by Carter Jefferson
by Carter Jefferson
Doing critiques is a daunting task. Whenever I comment on somebody's work, make suggestions for improvement, I wonder if I'll hurt feelings. And will I actually help?
The other day I got a message from a member of the IWW that touched me deeply. I want to tell you about this because I think others, especially people fairly new at the workshop game, must suffer just as this person did. My answer to my correspondent may give a few people enough courage to dive in and do it, no matter how lacking in confidence they may be.
Here's the note I received:
"I know I've not been very active around here this summer, during which time I seem to have lost my nerve on the critting side of things. So, I've sat down this week and gone through a lot of other crits and find yours so helpful. Perhaps its reading your comments for others, but in reading them, I have found answer to many of the pointers that trouble my own attempts at writing, making both the errors and the options that much clearer.
"Just wanted to tell you I'm benefitting from your comments to others even while I'm taking time out. Your positive and helpful remarks to others is giving me the incentive to get back into the writing saddle again."
Here's my reply:
"Hi, friend -- and thank you.
"I haven't been very active, either, and I'm sorry about that, especially if somebody actually reads the crits I do.
"I've been travelling on and off, but mostly I'm up to my ears in a new project, The Internet Review of Books. It's absorbing, and I think it will be a success, but it's also one hell of a lot of work.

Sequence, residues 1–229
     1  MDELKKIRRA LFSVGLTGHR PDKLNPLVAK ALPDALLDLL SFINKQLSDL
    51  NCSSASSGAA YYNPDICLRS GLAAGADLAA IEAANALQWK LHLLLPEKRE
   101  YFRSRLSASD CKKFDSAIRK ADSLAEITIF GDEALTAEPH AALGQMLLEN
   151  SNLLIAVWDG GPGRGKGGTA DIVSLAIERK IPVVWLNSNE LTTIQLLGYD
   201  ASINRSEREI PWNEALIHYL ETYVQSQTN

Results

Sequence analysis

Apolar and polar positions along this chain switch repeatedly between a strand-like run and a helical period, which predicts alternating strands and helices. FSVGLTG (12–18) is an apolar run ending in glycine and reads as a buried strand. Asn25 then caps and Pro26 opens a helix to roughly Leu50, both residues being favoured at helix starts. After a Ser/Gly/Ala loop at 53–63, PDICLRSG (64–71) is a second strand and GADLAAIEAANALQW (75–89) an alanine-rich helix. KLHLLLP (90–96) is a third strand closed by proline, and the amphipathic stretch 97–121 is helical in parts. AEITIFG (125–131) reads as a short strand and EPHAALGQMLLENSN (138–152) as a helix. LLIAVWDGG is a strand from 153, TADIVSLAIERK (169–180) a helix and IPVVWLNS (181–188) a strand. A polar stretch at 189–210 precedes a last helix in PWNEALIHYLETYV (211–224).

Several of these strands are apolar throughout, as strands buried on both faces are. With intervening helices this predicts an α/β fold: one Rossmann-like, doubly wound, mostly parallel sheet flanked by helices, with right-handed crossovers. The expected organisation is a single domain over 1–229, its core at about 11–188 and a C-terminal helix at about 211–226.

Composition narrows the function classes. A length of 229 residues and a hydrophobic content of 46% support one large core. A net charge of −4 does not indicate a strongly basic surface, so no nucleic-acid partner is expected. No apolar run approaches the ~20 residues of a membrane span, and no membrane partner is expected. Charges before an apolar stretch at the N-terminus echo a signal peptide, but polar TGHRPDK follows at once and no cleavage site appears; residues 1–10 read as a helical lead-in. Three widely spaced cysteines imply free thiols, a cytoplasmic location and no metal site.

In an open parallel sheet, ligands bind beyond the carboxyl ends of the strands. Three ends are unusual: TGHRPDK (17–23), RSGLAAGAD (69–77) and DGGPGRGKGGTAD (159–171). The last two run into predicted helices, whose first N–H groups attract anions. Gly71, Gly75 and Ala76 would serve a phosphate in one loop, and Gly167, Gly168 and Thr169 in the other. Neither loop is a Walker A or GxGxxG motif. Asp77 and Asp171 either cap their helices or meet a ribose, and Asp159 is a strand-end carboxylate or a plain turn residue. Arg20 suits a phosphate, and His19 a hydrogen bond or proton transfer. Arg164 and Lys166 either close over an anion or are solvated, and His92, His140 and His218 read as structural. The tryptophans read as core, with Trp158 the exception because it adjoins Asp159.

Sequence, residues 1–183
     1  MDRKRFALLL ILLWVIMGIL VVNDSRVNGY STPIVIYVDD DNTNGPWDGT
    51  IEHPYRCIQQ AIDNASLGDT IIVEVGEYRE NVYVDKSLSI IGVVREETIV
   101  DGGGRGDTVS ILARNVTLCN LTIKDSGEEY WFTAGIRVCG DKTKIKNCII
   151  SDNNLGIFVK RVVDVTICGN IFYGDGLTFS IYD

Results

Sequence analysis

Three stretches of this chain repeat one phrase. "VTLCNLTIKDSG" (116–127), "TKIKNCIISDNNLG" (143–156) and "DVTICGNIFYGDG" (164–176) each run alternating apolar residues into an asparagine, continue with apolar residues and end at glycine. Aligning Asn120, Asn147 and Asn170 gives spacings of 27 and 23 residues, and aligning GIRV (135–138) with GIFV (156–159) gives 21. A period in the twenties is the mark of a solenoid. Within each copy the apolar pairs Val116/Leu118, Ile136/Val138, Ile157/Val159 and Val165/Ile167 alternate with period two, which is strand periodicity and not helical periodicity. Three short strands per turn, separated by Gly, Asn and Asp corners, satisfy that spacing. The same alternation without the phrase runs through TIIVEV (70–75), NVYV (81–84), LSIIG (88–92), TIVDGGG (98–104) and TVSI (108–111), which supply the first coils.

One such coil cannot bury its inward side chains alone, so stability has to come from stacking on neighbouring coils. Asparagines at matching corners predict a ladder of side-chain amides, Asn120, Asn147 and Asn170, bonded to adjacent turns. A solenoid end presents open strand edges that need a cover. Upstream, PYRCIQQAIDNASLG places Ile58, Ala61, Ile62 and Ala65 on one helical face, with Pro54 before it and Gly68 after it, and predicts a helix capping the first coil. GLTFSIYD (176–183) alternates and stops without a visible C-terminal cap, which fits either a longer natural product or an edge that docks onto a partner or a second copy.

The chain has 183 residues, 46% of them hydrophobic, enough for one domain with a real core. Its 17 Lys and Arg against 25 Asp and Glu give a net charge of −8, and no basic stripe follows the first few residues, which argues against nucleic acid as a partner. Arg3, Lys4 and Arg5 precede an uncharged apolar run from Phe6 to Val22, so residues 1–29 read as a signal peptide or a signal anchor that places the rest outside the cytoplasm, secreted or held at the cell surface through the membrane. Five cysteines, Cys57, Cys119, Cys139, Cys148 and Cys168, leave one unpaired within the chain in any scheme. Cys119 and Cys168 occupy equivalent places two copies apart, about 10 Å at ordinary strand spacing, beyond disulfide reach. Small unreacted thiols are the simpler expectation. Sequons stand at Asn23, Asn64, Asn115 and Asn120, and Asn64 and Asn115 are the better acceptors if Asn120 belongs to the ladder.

"I'm particularly glad you find my crits helpful, because I'm like anybody else -- it takes chutzpah to pick apart somebody's work, to suggest I can do something better than they can, and every time I do it I wonder about the person on the other end. I don't want to hurt feelings, but I want to help.
"What gives me courage is that other people's crits have given me so much help. Ten years ago I knew absolutely nothing about writing fiction, but stuck my neck out and started posting stories to a Usenet group in which some of the writers obviously knew what they were doing. They helped some, and then I joined a group like this one (but not as good), and then finally came here. Along the way some of the crits I got really hurt, but they still helped me get better. I learned a great deal. I also got some crits that were of no use at all, and some that told me to do things I knew wouldn't work. But all of them helped, no matter how inept they were. The semi-useless ones at least told me where I was failing to get through to somebody, and that's useful.
"All I can say to you is that any crit you do, no matter how off the wall, is going to help the victim, if that person has any sense. So gird up your loins and go after them. Call it tough love. You may not be an expert, but you know some things, and there are people who need all the help they can get -- including me, still."